(x + 1; y) and (x; y) are in the seed row, and with edges of the form ((x; y); (x; y + 1)), where (x; y)’s are
in the seed row, (see Fig 2). It’s easy to see that the length of the longest directed path in the augmented
graph is still (n). To prove the time complexity is
(n), we simply invoke Lemma 4.6.
5 Simulating base conversion by self-assembly.
In Rothemund and Winfree’s construction (and in ours), the “seed row” represents a number written in
binary and consists of log n tiles, each encoding 0 or 1. The number is used as the starting point for a
counter. Since we are only allowed a seed s-tile consisting of a single tile, this seed row itself needs to
be assembled from a single tile. Each tile in the seed row needs to be distinct, and therefore the program
size complexity for assembling the seed row itself is
(log n). On the other hand, Kolmogorov complexity
dictates the program size complexity to be
(
log n
loglog n
). In order to achieve the Kolmogorov bound, we could
use a ”seed row” to represent a number written base b, where b is power of 2 such that
log n
log log n
b = 2
k
<
2 log n
log log n
;
for k a positive integer. Then the number of tiles to construct the seed row will be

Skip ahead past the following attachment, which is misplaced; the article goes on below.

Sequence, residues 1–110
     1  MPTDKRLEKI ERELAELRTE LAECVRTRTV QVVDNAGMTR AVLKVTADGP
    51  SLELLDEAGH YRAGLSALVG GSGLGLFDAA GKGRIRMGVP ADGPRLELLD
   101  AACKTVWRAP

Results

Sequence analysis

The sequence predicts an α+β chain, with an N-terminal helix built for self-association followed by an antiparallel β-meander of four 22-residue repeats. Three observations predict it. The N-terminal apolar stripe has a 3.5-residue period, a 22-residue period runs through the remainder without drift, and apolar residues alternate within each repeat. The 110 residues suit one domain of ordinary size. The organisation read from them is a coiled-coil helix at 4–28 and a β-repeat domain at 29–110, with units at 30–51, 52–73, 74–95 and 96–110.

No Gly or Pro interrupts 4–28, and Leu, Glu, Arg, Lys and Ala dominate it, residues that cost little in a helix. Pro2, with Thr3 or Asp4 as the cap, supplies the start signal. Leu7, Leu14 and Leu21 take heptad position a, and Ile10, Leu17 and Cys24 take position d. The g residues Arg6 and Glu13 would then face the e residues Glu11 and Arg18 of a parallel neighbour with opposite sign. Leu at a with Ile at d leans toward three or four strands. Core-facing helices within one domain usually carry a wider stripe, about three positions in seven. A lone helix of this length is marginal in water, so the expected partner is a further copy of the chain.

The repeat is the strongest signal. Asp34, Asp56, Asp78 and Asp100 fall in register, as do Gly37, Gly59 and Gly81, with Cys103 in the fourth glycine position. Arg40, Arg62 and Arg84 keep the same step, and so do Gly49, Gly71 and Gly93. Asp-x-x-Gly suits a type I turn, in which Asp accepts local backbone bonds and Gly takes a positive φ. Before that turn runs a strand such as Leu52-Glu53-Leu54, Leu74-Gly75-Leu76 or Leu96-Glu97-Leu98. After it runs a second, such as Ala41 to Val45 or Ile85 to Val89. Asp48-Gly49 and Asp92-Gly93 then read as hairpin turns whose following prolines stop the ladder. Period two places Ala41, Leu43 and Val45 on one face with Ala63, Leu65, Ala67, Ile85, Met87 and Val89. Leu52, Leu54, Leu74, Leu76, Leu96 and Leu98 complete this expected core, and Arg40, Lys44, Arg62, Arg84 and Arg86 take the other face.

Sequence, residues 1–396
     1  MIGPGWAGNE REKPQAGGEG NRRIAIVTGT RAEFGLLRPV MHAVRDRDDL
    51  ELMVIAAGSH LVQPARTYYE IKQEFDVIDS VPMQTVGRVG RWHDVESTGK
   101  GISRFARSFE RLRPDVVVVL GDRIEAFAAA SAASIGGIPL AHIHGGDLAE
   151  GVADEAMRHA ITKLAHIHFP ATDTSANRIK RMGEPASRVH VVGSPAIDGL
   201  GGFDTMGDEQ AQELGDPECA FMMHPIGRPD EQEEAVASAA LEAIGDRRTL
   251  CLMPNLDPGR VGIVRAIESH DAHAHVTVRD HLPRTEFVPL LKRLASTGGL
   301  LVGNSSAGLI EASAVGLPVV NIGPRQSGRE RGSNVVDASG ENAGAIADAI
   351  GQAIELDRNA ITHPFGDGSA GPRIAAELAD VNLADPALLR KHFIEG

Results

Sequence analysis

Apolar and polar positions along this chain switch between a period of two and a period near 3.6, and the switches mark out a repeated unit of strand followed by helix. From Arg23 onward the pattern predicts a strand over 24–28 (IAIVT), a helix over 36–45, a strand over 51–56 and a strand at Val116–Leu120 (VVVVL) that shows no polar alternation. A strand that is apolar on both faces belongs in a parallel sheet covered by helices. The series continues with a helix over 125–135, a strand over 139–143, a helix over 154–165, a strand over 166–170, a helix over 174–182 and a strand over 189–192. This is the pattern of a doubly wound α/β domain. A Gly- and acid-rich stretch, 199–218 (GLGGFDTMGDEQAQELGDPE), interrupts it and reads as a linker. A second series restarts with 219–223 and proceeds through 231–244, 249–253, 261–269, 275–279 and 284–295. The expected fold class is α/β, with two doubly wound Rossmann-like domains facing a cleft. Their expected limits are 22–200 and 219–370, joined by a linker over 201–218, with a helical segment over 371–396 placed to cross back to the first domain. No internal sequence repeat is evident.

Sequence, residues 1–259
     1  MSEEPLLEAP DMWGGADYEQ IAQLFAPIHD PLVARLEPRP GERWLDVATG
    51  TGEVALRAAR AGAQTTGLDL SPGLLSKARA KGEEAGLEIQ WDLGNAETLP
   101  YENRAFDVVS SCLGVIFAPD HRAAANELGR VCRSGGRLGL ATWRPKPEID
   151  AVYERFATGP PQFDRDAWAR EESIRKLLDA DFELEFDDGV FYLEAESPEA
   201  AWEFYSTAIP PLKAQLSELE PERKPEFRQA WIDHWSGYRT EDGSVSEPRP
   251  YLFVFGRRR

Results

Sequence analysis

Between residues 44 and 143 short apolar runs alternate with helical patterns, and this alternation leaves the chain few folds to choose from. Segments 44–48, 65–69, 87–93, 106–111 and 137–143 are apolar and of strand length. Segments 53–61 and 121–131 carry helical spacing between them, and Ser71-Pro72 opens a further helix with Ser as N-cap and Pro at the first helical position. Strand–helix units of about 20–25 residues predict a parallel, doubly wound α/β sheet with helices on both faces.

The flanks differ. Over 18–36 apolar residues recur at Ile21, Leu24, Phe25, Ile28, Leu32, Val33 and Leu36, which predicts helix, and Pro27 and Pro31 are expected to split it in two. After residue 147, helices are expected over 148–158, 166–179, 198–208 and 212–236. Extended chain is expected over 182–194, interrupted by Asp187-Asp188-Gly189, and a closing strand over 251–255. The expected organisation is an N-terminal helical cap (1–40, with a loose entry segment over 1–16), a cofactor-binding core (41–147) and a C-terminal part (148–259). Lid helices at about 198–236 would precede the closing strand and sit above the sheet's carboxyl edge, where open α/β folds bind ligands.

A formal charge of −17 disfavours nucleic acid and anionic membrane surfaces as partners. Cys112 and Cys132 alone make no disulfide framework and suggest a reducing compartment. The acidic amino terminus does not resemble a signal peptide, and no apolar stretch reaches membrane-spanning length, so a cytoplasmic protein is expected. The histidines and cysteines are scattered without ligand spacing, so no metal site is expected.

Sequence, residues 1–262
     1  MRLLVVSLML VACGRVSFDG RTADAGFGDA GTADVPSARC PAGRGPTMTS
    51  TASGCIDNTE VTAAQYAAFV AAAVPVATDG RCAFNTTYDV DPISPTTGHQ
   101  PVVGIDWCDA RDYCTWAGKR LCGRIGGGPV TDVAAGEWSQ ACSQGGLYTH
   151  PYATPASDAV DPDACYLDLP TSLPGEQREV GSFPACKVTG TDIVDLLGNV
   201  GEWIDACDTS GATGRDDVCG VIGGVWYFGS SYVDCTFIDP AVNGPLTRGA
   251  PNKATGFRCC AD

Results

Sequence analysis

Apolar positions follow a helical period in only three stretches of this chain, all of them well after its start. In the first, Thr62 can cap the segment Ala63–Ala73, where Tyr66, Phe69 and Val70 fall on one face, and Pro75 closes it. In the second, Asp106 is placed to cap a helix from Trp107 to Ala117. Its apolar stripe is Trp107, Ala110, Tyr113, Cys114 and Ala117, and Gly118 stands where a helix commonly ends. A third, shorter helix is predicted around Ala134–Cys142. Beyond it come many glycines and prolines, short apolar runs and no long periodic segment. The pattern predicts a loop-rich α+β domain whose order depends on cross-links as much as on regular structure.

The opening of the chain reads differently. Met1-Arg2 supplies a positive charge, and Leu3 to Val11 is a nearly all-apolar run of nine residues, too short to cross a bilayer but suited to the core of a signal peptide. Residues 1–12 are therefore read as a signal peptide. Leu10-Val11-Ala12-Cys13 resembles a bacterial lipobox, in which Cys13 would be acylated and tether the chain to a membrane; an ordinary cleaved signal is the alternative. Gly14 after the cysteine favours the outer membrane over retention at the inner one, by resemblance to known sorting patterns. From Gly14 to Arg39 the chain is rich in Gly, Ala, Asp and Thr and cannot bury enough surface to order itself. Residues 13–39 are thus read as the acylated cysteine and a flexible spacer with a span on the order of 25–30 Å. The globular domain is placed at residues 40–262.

h =
log n
log b
<
log n
log log n log log log n
= O(
log n
log log n
):
As in Rothemund and Winfree [8]’s counting scheme, we could use the “seed row” as a starting point for
a counter. If we use the counting strategy of Rothemund and Winfree, modified to count base b, we easily
achieve the optimal program size complexity or in the language of Rothemund and Winfree:
Theorem 5.1 K
2
SA
(N) = O(
log N
loglog N
).
Unfortunately if we simply follow Rothemund and Winfree [8]’s method, we pay a price in time com-
plexity. The Rothemund and Winfree construction begins with the seed row and grows through a succession
12
of s-tiles to produce a final rectangle. But for each s-tile produced in the process, there is exactly one tile
which can be incorporated. There are at least b = (
log n
loglog n
) distinct tiles which occur
(n) times in the
final rectangle, and at least one of these tiles must have probability O(
loglog n
log n
). It follows that such tiles
require
(
nlog n
loglog n
) time for assembling of the rectangle. In particular, the time is not linear. Even using the
parallel construction described in section 3, the time is not improved.
To overcome this time problem while preserving the O(
log n
loglog n
) program size, we adopt the strategy of
writing a ”seed column” base b and then converting it to base 2, forming a seed row for a counter. We then
employ the fast parallel counter described in section 3.
In the conversion part, we will employ some tiles, which have the capability to perform division-by-2.
These tiles have glues representing binary strings. The north glue represents last bit, the west glue represents
the prefix substring and the east glue represents the string itself. See Figure 5 (A) for the tile associated with
the string 0110, and Figure 5 (B) for cooperation of two tiles. We assume that the temperature is 3, but it is
not hard to see that the same idea also works for temperature 2.